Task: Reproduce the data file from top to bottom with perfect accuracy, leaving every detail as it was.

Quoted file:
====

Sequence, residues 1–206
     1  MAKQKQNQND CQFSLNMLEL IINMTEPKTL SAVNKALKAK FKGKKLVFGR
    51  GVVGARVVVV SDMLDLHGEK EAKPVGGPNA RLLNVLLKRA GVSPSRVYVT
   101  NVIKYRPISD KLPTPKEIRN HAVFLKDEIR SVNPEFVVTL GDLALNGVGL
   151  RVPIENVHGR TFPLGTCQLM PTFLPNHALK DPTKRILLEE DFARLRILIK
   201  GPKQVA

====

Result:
Sequence, residues 1–206
     1  MAKQKQNQND CQFSLNMLEL IINMTEPKTL SAVNKALKAK FKGKKLVFGR
    51  GVVGARVVVV SDMLDLHGEK EAKPVGGPNA RLLNVLLKRA GVSPSRVYVT
   101  NVIKYRPISD KLPTPKEIRN HAVFLKDEIR SVNPEFVVTL GDLALNGVGL
   151  RVPIENVHGR TFPLGTCQLM PTFLPNHALK DPTKRILLEE DFARLRILIK
   201  GPKQVA